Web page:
Tuesday, July 11, 2023

Book Note: Panic in Box C

Carr, John Dickson. Panic in Box C. New York: Berkley Publishing Company, 1968.

While we're on the subject of classic detective fiction involving Shakespeare in one way or another, let me take you to Panic in Box C.

Carr's novel, written quite late in his career, doesn't have as much Shakespeare as some other murder mysteries Bardfilm has written about. And its plot becomes increasingly unbelievable (and perhaps even a bit incoherent) as it goes along. 

The plot involves a production of Romeo and Juliet, a crossbow or two, a man with a papier-mâché head, and a woman sitting all alone in Box C during a rehearsal. It also has long-estranged spouses, a drunken man who snuck in the theatre, an automatic stage trap, and a college fight song competition.

It's a jumble of irrelevancies (mostly) that just manage to come to a bumpy conclusion. As always, I'd like more Shakespeare—especially if you're bringing Romeo and Juliet along for the ride. Can't that estranged couple have some interesting connection to the plot of the play? It seems like it wouldn't be hard to work something in pretty organically. But we don't get it.

Let me give you a representative scene. Chapter 15 describes what was going on on stage while the murder was committed:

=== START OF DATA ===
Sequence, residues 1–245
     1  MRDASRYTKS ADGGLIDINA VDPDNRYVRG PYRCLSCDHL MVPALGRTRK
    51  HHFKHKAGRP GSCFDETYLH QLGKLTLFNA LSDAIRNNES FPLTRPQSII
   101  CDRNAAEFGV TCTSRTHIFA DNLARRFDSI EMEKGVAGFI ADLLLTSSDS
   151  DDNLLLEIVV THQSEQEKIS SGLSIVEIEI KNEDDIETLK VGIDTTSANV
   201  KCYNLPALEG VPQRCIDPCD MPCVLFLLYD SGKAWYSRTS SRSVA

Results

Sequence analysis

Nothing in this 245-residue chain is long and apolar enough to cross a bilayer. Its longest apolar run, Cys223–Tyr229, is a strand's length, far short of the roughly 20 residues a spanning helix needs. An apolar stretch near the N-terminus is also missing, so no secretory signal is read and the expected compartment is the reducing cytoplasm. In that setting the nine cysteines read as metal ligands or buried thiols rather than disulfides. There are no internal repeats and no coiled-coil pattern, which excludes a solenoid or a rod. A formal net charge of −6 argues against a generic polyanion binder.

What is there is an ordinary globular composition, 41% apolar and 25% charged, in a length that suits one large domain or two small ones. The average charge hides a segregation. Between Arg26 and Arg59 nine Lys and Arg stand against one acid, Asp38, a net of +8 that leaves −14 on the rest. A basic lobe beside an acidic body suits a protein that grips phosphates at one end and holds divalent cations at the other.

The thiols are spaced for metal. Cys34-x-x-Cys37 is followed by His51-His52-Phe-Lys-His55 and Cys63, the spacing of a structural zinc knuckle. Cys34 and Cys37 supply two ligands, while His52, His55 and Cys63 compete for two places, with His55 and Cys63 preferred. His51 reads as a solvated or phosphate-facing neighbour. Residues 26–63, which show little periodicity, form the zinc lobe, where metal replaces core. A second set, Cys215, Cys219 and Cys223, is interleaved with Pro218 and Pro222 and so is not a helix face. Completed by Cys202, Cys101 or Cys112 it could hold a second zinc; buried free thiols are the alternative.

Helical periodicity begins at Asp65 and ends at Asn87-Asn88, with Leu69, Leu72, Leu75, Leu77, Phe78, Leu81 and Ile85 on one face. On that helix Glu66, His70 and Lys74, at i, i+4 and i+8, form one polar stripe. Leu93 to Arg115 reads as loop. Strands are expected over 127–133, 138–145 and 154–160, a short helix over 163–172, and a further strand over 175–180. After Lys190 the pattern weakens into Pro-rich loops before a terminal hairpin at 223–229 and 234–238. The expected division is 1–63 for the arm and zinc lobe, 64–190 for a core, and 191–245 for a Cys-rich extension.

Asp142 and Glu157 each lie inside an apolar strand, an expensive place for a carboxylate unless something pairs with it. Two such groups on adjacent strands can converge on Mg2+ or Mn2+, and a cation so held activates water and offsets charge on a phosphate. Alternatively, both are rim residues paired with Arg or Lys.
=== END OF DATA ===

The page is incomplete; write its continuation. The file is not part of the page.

It the Shakespeare hadn't been there (even in its limited way), I would have given up on the novel long before this. As it is, it just kept me reading . . . but with disappointing results.

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Bardfilm is normally written as one word, though it can also be found under a search for "Bard Film Blog." Bardfilm is a Shakespeare blog (admittedly, one of many Shakespeare blogs), and it is dedicated to commentary on films (Shakespeare movies, The Shakespeare Movie, Shakespeare on television, Shakespeare at the cinema), plays, and other matter related to Shakespeare (allusions to Shakespeare in pop culture, quotes from Shakespeare in popular culture, quotations that come from Shakespeare, et cetera).

Unless otherwise indicated, quotations from Shakespeare's works are from the following edition:
Shakespeare, William. The Riverside Shakespeare. 2nd ed. Gen. ed. G. Blakemore Evans. Boston: Houghton Mifflin, 1997.
All material original to this blog is copyrighted: Copyright 2008-2039 (and into perpetuity thereafter) by Keith Jones.

The very instant that I saw you did / My heart fly to your service; there resides, / To make me slave to it; and, for your sake, / Am I this patient [b]log-man.

—The Tempest